Since the Trump administration declared a national emergency in mid-march over the rapid spread of COVID-19, the task of developing a vaccine has fallen on the U.S. Army’s top virus research lab in Fort Detrick, located in suburban Maryland some 50 miles outside of Washington, D.C.
Over the past decades, leading researches on a wide range of viruses and bacteria were conducted inside the sprawling complex. Its state-of-the-art facilities also store some of the most dangerous toxins known to mankind, including Ebola, anthrax, and the SARS coronavirus.
The obscure army base came under the spotlight in 2008 after one of its scientists was suspected to have perpetrated the 2001 anthrax attack, where several letters containing the deadly germ was mailed to American media and government offices.
Last year, one of the most prominent high-security labs inside the campus was shut down by health authorities due to safety violations. Besides a few incidents here and there, Fort Detrick seems like an ordinary place for modern medical science. Dialing back to history a little further, however, a period of purely freakish history begins to emerge.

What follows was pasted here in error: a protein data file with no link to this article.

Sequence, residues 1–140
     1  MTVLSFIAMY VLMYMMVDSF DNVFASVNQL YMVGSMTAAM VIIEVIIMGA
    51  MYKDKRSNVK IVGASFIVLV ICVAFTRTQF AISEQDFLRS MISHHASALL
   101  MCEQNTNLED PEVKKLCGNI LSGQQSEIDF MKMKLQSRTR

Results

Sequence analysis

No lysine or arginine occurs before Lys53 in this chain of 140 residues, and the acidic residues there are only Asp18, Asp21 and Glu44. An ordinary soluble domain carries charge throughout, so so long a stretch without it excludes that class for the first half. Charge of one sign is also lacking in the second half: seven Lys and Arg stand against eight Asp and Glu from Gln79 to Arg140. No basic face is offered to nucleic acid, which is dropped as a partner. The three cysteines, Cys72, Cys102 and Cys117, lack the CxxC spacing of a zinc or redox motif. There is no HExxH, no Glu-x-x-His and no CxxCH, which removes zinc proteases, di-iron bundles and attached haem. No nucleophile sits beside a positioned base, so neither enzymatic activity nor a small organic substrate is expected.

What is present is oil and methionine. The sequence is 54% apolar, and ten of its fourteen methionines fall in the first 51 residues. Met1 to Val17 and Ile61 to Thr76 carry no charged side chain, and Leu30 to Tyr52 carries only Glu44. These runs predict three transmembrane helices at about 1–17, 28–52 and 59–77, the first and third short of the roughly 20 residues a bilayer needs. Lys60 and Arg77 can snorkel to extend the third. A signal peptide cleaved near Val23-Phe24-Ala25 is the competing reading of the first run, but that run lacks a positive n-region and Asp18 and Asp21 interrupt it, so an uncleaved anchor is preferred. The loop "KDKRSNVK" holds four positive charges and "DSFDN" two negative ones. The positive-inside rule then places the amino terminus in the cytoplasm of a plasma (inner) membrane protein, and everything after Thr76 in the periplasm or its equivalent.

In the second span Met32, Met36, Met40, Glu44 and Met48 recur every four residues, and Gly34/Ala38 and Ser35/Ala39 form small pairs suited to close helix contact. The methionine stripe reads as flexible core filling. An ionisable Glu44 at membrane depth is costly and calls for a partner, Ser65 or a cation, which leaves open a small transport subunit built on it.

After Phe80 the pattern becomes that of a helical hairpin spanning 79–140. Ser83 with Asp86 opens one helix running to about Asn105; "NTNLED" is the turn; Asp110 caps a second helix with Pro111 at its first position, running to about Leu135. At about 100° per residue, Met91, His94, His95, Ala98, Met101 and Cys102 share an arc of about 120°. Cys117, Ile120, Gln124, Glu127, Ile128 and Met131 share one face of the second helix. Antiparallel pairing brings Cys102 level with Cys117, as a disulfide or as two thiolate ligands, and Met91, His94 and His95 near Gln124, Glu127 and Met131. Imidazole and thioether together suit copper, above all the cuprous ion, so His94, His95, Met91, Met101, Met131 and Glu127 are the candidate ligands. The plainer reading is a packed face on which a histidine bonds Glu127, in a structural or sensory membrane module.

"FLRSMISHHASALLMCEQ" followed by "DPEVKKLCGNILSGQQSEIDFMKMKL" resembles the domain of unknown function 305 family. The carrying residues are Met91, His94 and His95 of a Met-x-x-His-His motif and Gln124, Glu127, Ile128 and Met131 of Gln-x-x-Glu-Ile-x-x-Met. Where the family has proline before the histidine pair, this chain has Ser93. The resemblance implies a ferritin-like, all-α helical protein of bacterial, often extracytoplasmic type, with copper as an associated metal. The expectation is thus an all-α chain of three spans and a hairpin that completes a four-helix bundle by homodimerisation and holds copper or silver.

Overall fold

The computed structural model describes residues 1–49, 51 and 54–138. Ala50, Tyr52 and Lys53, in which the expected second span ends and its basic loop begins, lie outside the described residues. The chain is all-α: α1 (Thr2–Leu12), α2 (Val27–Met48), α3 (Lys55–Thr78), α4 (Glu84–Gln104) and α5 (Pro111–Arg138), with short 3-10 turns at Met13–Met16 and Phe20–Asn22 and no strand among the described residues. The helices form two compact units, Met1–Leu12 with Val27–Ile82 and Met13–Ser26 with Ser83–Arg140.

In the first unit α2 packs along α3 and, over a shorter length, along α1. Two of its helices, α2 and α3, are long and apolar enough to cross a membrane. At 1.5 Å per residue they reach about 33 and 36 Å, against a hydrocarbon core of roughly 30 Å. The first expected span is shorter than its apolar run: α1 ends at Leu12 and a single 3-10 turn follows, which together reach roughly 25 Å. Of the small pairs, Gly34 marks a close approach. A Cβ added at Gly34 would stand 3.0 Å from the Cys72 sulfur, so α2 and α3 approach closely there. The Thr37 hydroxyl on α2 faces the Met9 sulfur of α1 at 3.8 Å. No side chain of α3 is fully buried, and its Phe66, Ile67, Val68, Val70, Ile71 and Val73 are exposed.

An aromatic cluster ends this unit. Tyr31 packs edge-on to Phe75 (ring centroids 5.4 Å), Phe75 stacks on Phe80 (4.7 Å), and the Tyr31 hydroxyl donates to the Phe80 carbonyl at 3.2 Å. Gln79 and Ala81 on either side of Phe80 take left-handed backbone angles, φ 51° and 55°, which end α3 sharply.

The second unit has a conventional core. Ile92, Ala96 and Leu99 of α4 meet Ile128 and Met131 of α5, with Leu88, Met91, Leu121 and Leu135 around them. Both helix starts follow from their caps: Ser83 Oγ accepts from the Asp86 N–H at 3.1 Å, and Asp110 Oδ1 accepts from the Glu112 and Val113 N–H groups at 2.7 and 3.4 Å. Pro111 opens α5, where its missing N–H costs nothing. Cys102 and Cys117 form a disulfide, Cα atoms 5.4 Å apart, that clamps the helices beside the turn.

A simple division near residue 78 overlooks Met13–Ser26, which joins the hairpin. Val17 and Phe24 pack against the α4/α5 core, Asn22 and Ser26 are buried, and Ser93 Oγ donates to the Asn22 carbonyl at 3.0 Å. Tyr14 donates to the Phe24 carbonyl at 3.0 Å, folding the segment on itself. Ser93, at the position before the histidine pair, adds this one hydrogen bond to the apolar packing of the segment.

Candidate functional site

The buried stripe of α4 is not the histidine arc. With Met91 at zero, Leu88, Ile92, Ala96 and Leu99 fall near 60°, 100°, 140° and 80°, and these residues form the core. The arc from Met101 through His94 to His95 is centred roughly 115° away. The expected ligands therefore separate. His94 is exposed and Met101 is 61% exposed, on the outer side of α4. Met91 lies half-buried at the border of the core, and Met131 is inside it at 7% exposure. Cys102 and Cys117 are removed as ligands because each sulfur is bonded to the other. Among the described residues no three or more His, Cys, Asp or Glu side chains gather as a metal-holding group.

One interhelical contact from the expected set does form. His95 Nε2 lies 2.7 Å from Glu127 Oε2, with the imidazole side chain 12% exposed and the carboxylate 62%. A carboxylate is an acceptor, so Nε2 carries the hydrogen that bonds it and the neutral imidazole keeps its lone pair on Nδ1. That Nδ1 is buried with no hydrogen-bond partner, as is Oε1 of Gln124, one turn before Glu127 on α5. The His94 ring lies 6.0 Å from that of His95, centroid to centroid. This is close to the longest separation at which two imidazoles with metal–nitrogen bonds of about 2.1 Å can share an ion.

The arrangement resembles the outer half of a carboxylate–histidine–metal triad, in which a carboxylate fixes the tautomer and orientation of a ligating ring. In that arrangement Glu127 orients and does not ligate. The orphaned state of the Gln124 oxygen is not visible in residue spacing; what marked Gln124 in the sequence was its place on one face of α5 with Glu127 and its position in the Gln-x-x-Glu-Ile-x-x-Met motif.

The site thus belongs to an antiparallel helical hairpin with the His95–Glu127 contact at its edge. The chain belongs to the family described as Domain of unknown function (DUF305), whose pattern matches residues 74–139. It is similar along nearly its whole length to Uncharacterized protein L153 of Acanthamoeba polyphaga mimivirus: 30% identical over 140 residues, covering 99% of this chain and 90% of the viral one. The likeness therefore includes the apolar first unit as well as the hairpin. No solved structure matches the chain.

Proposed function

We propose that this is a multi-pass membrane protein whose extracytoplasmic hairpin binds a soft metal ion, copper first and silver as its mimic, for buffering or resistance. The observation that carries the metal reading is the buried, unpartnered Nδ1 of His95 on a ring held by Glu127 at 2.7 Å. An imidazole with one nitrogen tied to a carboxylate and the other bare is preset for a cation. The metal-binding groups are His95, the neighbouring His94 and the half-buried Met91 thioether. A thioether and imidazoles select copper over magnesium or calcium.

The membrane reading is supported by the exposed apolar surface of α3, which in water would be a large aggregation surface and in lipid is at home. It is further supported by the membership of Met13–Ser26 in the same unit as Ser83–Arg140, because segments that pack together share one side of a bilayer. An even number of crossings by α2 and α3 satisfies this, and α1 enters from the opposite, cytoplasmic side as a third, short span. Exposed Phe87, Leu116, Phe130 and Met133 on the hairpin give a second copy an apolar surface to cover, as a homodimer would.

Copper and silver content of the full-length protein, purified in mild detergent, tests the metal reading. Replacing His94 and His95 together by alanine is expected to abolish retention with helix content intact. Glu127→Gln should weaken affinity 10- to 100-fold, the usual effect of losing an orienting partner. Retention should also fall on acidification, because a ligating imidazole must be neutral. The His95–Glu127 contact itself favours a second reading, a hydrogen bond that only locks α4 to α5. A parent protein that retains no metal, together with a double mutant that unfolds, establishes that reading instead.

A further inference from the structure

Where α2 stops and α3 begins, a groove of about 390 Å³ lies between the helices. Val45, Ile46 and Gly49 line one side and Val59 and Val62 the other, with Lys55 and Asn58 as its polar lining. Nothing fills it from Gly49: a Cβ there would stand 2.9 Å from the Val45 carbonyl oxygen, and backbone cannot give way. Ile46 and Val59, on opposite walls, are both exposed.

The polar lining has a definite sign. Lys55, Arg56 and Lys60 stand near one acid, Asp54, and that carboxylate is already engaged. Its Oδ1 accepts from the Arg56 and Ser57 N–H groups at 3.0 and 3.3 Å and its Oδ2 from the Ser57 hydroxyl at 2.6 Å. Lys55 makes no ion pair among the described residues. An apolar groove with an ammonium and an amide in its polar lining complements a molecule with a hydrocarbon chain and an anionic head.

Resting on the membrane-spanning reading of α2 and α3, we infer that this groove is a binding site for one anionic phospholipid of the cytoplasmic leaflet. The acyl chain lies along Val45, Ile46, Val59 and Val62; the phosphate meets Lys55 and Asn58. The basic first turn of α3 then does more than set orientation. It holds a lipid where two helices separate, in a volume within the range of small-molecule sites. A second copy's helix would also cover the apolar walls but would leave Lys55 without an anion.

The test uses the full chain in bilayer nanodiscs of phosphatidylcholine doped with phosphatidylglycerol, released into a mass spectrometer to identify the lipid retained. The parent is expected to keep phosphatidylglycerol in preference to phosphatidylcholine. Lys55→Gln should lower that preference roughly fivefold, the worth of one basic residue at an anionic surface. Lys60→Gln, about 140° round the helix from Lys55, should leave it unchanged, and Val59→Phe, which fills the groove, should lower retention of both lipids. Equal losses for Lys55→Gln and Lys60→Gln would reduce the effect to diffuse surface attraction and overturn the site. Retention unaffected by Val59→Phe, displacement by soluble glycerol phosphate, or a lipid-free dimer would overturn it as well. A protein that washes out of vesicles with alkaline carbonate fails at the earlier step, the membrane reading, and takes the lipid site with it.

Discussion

After World War II, Fort Detrick became a site of horrifying scientific experiments conducted under a top-secret CIA quest to control the human mind, known as Project MK Ultra. After more than 20 years, the project ended in abysmal failure and led to an unknown number of deaths, including a scientist who participated in the project, and at least hundreds of American and Canadian victims subjected to mental and physical torture. The experiments not only violated international law, but also the agency’s own charter which forbids domestic activity.
Project MK Ultra was brought to life by the godfather of America’s intelligence empire – CIA Director Allen Dulles, whose ever-fiery rhetoric about Soviet threat helped him prop up an omnipotent national security apparatus that would come to define American politics. In 1953, after capturing American pilots who admitted to deploying anthrax during the Korean War, Dulles began touting theories that they had been brainwashed by the communists of the Democratic People’s Republic of Korea. To ensure national security, he argued, the U.S. must devise its own brainwashing program.